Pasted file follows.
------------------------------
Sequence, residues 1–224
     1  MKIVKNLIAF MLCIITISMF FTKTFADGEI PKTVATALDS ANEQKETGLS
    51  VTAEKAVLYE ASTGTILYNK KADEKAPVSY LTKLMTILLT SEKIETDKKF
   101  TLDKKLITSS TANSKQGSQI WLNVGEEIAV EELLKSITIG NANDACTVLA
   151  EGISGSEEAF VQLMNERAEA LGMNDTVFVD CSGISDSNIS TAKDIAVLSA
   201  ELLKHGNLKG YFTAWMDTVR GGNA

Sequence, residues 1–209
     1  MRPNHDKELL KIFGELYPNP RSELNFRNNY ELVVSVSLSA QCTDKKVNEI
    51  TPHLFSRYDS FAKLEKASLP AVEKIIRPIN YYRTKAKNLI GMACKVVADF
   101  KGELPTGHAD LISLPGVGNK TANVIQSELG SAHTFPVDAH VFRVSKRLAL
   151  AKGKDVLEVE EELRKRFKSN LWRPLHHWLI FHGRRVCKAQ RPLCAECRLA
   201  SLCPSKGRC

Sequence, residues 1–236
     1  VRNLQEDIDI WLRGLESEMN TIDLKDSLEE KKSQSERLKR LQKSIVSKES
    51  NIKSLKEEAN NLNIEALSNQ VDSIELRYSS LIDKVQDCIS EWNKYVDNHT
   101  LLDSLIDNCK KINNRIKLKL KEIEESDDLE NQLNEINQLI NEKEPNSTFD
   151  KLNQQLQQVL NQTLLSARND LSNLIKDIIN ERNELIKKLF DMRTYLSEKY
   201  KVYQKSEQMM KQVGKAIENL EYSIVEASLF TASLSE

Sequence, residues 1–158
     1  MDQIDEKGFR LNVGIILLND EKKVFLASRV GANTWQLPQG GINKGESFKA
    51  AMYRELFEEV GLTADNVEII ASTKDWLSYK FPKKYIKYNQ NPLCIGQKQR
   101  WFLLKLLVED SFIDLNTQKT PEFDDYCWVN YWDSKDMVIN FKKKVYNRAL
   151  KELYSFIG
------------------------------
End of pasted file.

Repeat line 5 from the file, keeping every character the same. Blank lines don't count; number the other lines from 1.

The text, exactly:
   151  EGISGSEEAF VQLMNERAEA LGMNDTVFVD CSGISDSNIS TAKDIAVLSA